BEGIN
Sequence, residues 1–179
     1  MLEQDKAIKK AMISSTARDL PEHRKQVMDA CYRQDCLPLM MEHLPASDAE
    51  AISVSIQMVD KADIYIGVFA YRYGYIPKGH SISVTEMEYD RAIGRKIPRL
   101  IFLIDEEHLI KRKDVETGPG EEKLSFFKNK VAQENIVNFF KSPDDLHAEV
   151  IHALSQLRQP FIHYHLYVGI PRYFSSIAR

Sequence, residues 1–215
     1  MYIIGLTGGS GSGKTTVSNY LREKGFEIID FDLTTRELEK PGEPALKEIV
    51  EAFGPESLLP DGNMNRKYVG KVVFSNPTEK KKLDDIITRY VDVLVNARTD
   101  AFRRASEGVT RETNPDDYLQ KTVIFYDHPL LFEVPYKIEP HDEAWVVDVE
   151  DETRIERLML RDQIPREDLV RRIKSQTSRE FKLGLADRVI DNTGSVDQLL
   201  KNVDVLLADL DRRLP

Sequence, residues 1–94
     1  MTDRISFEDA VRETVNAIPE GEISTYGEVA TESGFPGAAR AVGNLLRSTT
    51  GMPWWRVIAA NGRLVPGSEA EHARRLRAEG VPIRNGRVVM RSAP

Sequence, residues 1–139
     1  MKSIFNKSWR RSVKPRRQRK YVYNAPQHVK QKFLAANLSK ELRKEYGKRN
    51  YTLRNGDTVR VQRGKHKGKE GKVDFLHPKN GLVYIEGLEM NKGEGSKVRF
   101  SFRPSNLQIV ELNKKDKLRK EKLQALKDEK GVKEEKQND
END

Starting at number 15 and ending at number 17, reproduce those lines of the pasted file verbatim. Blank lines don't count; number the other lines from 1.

Sequence, residues 1–139
     1  MKSIFNKSWR RSVKPRRQRK YVYNAPQHVK QKFLAANLSK ELRKEYGKRN
    51  YTLRNGDTVR VQRGKHKGKE GKVDFLHPKN GLVYIEGLEM NKGEGSKVRF